The Post’s critics highlight original movies that are being streamed and made available on demand. Here are this week’s picks.
If you happened to catch the screening of “Medora” last month at the E Street Cinema, then you know how stirring this sports documentary is. Luckily, all the friends you’ve been raving to about it can catch it on-demand. And they should. Think “Hoosiers,” “Hoop Dreams,” “The Blind Side” with a dash of “Nebraska” thrown in for economic relevance, and you begin to get an idea of a film that may hew to some time-honored conventions, but gives them energy and heart that feel unique.
Directors Andrew Cohn and Davy Rothbart (familiar to “This American Life” fans as the publisher of Found Magazine) visited Medora, Ind., over the course of the 2010-11 basketball season, during which its tiny high school of 72 students competed against teams from consolidated schools 10 times its size. As the film opens, Medora is dead last in the standings and the team’s first-year coach is delivering a withering locker-room speech to a group of dejected players. The filmmakers zero in on a few, to reveal teenagers struggling not just on the hardwood, but against unemployment, poverty, absent or troubled parents and a 21st century America that seems to have left them behind.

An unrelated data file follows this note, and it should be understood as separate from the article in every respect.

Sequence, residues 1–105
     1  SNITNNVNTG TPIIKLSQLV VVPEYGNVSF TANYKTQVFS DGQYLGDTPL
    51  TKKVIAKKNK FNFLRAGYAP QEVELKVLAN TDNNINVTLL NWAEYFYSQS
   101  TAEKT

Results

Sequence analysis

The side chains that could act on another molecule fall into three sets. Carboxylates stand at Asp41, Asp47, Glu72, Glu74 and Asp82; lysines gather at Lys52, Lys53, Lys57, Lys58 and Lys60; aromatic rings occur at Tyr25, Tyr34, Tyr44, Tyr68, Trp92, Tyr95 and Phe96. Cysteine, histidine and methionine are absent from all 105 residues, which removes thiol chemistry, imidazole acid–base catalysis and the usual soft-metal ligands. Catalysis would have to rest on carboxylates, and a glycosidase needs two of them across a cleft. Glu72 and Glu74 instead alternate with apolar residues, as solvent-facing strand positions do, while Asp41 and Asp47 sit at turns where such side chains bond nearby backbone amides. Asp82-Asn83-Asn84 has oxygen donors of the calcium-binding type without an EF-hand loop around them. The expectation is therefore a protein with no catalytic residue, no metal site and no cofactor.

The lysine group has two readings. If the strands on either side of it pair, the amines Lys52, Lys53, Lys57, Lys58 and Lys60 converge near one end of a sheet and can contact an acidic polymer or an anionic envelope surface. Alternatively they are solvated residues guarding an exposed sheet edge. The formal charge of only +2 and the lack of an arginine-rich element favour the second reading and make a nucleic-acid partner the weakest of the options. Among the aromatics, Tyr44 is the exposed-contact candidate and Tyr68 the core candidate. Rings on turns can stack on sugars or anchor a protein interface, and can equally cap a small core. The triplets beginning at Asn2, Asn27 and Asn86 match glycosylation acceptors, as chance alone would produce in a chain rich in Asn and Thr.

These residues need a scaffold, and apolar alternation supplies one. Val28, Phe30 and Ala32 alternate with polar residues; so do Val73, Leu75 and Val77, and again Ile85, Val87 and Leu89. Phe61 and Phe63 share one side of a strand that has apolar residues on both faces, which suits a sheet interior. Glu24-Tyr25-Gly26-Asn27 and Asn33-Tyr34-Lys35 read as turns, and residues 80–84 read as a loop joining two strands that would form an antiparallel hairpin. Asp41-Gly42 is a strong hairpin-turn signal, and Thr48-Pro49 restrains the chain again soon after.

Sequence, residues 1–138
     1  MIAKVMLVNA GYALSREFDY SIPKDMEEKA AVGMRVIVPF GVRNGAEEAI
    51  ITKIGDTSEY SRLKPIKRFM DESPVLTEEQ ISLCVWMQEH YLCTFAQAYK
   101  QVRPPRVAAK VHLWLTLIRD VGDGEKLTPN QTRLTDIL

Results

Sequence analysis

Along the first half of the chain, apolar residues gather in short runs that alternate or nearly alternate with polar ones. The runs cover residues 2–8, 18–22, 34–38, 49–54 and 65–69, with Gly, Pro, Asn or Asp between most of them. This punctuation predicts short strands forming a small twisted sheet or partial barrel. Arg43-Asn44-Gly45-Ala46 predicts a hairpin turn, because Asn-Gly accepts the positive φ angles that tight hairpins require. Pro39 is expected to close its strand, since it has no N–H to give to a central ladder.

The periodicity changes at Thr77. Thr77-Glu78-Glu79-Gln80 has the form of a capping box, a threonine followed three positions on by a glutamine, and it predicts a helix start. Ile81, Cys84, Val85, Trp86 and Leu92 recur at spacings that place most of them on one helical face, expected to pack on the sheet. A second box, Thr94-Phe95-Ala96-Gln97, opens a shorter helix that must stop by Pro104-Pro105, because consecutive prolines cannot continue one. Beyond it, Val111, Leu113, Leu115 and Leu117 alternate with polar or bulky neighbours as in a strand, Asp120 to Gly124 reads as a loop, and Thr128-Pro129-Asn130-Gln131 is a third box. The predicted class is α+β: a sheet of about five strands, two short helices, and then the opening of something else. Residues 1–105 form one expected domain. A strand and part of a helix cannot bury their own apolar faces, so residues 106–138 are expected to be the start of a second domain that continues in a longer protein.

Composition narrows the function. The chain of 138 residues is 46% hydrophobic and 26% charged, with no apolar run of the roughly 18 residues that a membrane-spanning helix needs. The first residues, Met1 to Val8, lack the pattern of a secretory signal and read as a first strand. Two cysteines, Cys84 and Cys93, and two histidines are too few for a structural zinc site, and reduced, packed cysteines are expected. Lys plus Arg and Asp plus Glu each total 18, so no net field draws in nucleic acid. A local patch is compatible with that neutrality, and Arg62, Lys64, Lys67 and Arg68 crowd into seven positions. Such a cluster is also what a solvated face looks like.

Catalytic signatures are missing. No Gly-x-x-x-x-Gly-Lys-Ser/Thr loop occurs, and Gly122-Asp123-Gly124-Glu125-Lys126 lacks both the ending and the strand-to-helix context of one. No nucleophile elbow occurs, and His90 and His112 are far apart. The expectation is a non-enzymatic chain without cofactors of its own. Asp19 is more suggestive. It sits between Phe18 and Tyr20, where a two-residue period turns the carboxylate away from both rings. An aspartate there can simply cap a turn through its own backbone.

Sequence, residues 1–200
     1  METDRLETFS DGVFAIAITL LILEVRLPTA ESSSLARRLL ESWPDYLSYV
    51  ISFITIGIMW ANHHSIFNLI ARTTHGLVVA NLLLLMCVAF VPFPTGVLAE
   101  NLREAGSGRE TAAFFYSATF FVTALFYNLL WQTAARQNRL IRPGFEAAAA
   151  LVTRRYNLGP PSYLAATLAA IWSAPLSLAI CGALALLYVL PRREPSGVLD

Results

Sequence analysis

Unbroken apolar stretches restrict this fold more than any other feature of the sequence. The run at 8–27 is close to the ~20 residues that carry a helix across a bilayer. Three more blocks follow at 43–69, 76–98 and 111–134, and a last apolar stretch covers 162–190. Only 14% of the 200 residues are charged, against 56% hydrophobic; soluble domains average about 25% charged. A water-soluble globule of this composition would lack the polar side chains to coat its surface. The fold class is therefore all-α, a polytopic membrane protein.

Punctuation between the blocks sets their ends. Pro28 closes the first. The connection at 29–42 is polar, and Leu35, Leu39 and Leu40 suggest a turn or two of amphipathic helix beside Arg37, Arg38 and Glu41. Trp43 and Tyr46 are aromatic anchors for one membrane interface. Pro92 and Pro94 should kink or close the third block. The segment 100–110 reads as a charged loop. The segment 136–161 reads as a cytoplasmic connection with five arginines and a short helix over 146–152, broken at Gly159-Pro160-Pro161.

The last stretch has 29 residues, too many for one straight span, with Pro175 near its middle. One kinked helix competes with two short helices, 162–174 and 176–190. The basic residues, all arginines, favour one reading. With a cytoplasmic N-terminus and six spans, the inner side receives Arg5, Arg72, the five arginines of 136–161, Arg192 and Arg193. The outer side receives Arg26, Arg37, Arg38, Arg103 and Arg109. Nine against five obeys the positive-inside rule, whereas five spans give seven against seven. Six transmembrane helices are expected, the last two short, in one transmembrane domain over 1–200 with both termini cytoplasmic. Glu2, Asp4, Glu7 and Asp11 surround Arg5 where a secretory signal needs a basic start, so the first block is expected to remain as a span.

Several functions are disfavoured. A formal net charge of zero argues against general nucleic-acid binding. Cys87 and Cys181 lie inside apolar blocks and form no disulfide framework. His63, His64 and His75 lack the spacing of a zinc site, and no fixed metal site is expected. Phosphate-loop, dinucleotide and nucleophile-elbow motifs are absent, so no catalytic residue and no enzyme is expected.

Cohn and Rothbart never hit those larger sociological points too hard, allowing the thwarted dreams and slowed rhythms of once-booming Medora to reveal themselves gradually. Asked to describe the town — once a center for farming, automotive parts and brick manufacturing — one resident flatly says, “Closed.” But they love their basketball team, fighting mightily against consolidation with other schools. “When that school goes, this town goes right behind it,” one Medoran observes.
While the players navigate their rocky season — with the seniors contemplating futures that include the military, seminary and technical college — “Medora” exerts an unshakable hold. No spoilers here, but there won’t be a dry eye in your house. Thanks to filmmakers of unfailing sensitivity, as well as protagonists of exceptional character and resolve, “Medora” earns every tear. -- A.H.